The Aurat March has released an Urdu version of Chilean protest song A Rapist in Your Path, which is about rape culture and victim-shaming.
A Rapist in Your Path is based on the work of Argentinian theorist Rita Segato, who argues that sexual violence is a political problem, not a moral one. It has been performed in Latin America, the United States and Europe.
The song condemns the judicial system’s failure to protect women and their rights and raises awareness about the culture of violence in society, according to a statement by the Aurat March. It says this culture is prospering, with acts of violence being normalised and women being humiliated and often blamed after reporting such acts.
While talking about the song, one of the organizers of Aurat March told SAMAA Digital that the video is a contribution to the global women anthem trend which started after the Chilean protests.
“In the song, women and all sexual minorities reject all sorts of violence against them and they are announcing the start of a movement of resistance against such violence,” she said.
The lyrics of the song, which was uploaded on Thursday, describe how institutions--the police, the judiciary and political power structures--uphold systematic violations of women’s rights. “The rapist is you/ It’s the cops/ The judges/ The state/ The president/ The law/ The feudal/ The clerics.”
The Aurat March has made some additions to the original lyrics, such as the inclusion of the feudals and clerics in the song.
Join us as we perform this anthem against rape on March 8 2020.— AuratMarch2020 - عورت مارچ (@AuratMarchKHI) January 30, 2020
We are not victims. We are not helpless. United, our power is enough.https://t.co/S8tdXHp7s5
Another part of the song talks about the many ways women are blamed for falling victim to sexual violence. “And it’s not my fault / nor where I was / nor what I wore”. “The rapist is you.”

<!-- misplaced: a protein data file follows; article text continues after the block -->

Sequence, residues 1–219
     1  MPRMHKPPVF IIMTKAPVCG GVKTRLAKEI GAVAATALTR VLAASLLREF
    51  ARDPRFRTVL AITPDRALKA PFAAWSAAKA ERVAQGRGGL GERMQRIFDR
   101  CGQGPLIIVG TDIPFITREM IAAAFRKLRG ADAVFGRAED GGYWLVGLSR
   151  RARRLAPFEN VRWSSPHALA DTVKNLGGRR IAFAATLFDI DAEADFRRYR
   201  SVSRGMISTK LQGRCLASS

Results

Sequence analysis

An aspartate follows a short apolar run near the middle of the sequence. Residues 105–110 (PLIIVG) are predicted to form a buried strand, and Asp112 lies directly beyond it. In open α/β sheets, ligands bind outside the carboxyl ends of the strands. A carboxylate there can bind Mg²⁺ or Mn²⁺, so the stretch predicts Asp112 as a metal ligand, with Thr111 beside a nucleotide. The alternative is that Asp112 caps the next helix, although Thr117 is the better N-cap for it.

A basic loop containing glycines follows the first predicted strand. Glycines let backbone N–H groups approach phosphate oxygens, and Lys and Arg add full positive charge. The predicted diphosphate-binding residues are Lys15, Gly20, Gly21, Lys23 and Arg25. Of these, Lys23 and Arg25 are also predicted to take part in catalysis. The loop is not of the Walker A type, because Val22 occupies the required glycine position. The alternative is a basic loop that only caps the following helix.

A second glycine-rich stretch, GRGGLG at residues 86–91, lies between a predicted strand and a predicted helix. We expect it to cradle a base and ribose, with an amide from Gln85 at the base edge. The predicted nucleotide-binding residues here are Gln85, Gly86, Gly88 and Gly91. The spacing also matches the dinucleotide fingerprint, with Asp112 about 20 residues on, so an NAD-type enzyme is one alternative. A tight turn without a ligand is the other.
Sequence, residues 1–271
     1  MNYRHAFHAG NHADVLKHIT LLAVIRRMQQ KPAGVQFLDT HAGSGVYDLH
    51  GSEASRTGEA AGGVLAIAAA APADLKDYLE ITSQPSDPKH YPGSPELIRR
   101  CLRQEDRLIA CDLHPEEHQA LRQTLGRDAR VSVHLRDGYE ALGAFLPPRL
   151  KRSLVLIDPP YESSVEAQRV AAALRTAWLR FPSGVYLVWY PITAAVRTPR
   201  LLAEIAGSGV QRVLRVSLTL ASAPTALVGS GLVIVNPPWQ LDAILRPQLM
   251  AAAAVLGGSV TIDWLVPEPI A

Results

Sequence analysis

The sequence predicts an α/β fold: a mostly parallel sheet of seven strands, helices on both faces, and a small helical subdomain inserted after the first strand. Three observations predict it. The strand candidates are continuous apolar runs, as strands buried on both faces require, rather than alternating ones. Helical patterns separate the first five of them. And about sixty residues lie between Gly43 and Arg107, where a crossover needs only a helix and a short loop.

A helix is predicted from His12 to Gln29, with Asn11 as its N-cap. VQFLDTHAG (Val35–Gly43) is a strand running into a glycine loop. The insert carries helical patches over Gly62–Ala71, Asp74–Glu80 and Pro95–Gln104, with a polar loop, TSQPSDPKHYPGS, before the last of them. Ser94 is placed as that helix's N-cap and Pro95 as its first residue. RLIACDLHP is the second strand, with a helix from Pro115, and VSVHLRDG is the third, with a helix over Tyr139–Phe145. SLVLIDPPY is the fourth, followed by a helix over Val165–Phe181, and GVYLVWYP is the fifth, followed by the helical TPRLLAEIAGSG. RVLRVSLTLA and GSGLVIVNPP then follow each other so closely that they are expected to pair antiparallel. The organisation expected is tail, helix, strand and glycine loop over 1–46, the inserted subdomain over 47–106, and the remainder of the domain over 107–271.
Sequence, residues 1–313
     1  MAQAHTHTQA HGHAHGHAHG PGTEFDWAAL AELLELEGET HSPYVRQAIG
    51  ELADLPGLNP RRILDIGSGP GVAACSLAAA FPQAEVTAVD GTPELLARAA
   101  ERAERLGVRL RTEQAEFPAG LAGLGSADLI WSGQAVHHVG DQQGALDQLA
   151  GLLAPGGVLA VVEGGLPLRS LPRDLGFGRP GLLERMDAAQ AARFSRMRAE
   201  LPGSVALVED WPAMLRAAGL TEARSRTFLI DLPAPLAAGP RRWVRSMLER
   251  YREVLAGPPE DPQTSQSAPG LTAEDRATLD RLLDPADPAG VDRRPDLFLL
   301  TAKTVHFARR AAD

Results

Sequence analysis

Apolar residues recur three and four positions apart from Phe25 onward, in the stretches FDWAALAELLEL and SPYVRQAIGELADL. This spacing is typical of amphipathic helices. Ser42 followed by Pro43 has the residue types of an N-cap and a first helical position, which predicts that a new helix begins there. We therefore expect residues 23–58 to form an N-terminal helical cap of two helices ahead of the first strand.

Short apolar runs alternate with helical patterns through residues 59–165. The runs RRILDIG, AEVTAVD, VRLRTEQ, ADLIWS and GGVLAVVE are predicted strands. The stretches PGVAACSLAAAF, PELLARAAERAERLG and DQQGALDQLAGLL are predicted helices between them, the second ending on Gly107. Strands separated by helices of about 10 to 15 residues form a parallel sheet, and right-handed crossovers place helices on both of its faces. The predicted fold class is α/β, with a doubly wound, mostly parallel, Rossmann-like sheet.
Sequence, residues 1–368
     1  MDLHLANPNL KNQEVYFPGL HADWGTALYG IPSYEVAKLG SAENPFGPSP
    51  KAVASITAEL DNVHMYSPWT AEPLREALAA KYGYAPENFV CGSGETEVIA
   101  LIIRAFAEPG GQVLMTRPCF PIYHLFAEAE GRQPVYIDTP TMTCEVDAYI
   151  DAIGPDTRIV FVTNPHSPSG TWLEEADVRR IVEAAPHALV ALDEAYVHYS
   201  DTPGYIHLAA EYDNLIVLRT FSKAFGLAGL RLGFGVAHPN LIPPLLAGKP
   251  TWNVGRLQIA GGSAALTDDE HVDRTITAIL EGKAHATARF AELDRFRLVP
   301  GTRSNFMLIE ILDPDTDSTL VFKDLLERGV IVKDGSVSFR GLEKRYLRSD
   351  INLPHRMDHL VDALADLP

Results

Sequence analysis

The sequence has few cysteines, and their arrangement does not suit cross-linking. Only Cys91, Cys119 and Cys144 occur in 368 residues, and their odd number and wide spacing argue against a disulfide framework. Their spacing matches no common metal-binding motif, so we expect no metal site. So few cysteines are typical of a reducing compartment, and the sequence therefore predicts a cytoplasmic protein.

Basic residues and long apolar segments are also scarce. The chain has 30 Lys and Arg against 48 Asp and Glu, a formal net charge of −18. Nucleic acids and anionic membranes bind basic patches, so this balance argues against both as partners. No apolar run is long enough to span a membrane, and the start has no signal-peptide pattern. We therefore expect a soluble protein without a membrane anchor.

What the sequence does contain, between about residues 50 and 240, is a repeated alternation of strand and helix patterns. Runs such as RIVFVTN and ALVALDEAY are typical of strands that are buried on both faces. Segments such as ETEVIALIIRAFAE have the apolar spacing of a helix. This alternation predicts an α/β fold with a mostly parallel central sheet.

She explained that the biggest reason behind this video is to inform women that violence or rape does not happen because of one's clothes, choice, place, sect, caste, religion or race. “It is a power relationship, in which a rapist exercises his power over the vulnerable or the weaker,” she said. This song says we will also fight and resist against the violence, added the organizer.
The song has been the subject of debate on social media, both from people supporting it and those opposing it. “We are also getting responses from people who are being questioned and accused in the video,” said she. “The reaction is the same as we expected from a misogynistic segment and we are prepared for it.” She added that a zalim (cruel person) should be called zalim and be identified.
With its powerful message, the song calls on people to perform this anthem against rape during the Aurat March on March 8.
“Lend your voice in solidarity with survivors. Lend your voice in anger to say, "Never Again". We know who the rapists are. We will not allow rape to go unpunished. We will not tolerate a culture that enables rapists,” reads the caption. “We are not victims. We are not helpless. United, our power is enough.”
It all started in 2019 on the International Day for the Elimination of Violence against Women outside the Supreme Court in Santiago del Chile. A group of women came together for a feminist flash mob, adding their meaningful, powerful voices to the protests against inequality that have filled the streets of the capital for weeks.